This week in Fish: Find a fish launched

By: Mark McGrouther, Category: Science, Date: 01 Apr 2011

I don't mind saying that I'm pretty excited to be able to announce that the new Find a Fish page is online. Working on this page (and those that sit beneath it) has consumed more of my evenings than I would like to admit.  In addition, as always, some great images were added. Thanks troops!

Diamondfish, Monodactylus argenteus

Diamondfish, Monodactylus argenteus
Photographer: Gaetan Guilhon © Gaetan Guilhon

Find a fish:

A new master index of fishes has been added to the site. Find a fish will make it much easier to view at a glance all the assets for a particular family. Currently, the site contains information on 1054 species but that number is increasing rapidly.  The family with the most content is the labridae (wrasses), with 82 species represented (out of a total Australian fauna of 230 species).

New fish images:

Diamondfish, Monodactylus argenteus
Flathead Sandfish
Flathead Sandfish buried
Flathead Sandfish, Lesueurina platycephala
Largemouth Goby in the Minnamurra River
Largemouth Goby, Redigobius macrostoma
Spiny Pipehorse from Palm Beach
Threeband Butterflyfish at Lord Howe Island
Threeband Butterflyfish, Chaetodon tricinctus
Vanuatu Snapper, Paracaesio gonzalesi
Whitley's Gurnard Perch, Maxillicosta whitleyi

Tags fishes, ichthyology, Find a fish,


Mark McGrouther - 8.04 AM, 11 April 2011

Thanks so much for your very informative reply Dave.  I really appreciated the input of scientists who are working in this field of research.  I will email tassygirl directly to ensure that she sees your comment.

DBooth - 11.04 AM, 10 April 2011
There is definitely increasing evidence of climate-change induced range shifts for Aussie fishes, especially in SE Australia where we have the dual effects of increasing sea temperature and East Australian (EAC) current flow. We have been studying the influx of coral reef fish larvae into the Sydney and southwards. (summary can be heard at Basically, the numbers vary greatly year to year, partly depending on EAC patterns. However, we also showed a strong link between winter water temperature and overwinter survival of these fishes (tropical butterflyfishes and damselfishes)- we saw survival over about 18C, which occurred in 2001 and 2006, 2 of the warmest winters in 150 years! A lot more needs to be researched and the jury is still out on whether we might seem major biogeographic shifts in fish species. I’d also suggest talking a look at the recent Marine Climate change Report Card for Australia at Our “temperate fishes” paper in that, plus those on tropical and pelagic fishes are relevant.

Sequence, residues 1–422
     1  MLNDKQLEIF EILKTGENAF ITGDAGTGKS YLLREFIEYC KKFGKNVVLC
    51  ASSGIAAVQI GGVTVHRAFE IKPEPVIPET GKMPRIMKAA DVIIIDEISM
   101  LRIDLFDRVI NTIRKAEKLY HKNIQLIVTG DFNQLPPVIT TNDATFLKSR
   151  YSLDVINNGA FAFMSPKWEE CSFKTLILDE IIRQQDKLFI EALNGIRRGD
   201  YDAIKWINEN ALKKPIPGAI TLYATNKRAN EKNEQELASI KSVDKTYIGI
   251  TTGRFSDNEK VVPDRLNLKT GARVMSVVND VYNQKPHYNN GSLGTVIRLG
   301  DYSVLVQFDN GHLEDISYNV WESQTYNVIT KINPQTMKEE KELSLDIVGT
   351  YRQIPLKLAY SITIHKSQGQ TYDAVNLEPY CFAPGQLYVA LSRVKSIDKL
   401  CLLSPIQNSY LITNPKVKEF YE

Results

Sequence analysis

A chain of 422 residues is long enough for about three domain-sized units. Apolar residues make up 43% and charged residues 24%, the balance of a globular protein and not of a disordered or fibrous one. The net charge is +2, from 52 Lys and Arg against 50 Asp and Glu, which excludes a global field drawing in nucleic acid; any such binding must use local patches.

Mark McGrouther - 2.04 PM, 04 April 2011

Hi tassygirl.  Thank you for your comment.  Climage change is an issue that I believe we should all be taking very seriously.  I'm not 100% sure which species you are refering to as a 'gummy dogshark'.  There is a Gummy Shark, Mustelus antarcticus and also quite a number of dogsharks that are in a different family, the Squalidae.  Having said that, however, I don't think it detracts one bit from your concern about changing distribution patterns as a result of ocean warming (don't get me taking about ocean 'acidification'!).  The Whitley Award winning add link redmap website is trying to document changes in species distributions in Tasmania.  Dr Peter Last from CSIRO Hobart, who was one of the interviewees in the ABC story is a close colleague of us fish-folk here at the Australian Museum.  One of the comments he made in the interview is particularly scary, "If things keep changing in this way we're not sure what would happen to those elements or those fishes that occur right at the southern tip of Tasmania. These have got nowhere else to go."

tassygirl - 7.04 PM, 03 April 2011
Just heard on ABC TV news that with increasing temperatures in our seas, some northern species are crossing Bass Strait - in early March I travelled with family to the North Coast of Tasmania where I saw on incoming tides in a rocky shore area the largest fish I have seen onshore literally 1 metre from the beach - and also a school of about 40 toadfish in the same area - the larger fish moved like a shark and I believe it was a gummy dogshark with dark and sandy mottled markings - I would think just over a metre long. Is this perhaps a species not seen here before?

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